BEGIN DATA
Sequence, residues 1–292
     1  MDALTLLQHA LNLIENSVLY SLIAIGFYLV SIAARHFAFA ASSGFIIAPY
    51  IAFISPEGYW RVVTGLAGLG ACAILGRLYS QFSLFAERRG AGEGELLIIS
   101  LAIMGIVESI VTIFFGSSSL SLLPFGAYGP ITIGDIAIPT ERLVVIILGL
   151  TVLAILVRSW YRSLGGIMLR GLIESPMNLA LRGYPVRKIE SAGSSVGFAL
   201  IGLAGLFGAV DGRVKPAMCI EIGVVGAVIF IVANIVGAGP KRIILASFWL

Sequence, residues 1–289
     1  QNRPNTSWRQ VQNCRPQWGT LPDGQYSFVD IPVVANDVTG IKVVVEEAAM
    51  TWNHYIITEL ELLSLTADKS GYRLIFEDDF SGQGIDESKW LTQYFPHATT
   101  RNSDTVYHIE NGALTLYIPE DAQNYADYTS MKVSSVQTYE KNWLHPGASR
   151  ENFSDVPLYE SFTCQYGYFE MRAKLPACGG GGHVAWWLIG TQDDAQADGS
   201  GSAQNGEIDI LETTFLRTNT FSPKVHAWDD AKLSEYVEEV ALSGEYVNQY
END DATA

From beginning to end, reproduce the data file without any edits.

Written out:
Sequence, residues 1–292
     1  MDALTLLQHA LNLIENSVLY SLIAIGFYLV SIAARHFAFA ASSGFIIAPY
    51  IAFISPEGYW RVVTGLAGLG ACAILGRLYS QFSLFAERRG AGEGELLIIS
   101  LAIMGIVESI VTIFFGSSSL SLLPFGAYGP ITIGDIAIPT ERLVVIILGL
   151  TVLAILVRSW YRSLGGIMLR GLIESPMNLA LRGYPVRKIE SAGSSVGFAL
   201  IGLAGLFGAV DGRVKPAMCI EIGVVGAVIF IVANIVGAGP KRIILASFWL

Sequence, residues 1–289
     1  QNRPNTSWRQ VQNCRPQWGT LPDGQYSFVD IPVVANDVTG IKVVVEEAAM
    51  TWNHYIITEL ELLSLTADKS GYRLIFEDDF SGQGIDESKW LTQYFPHATT
   101  RNSDTVYHIE NGALTLYIPE DAQNYADYTS MKVSSVQTYE KNWLHPGASR
   151  ENFSDVPLYE SFTCQYGYFE MRAKLPACGG GGHVAWWLIG TQDDAQADGS
   201  GSAQNGEIDI LETTFLRTNT FSPKVHAWDD AKLSEYVEEV ALSGEYVNQY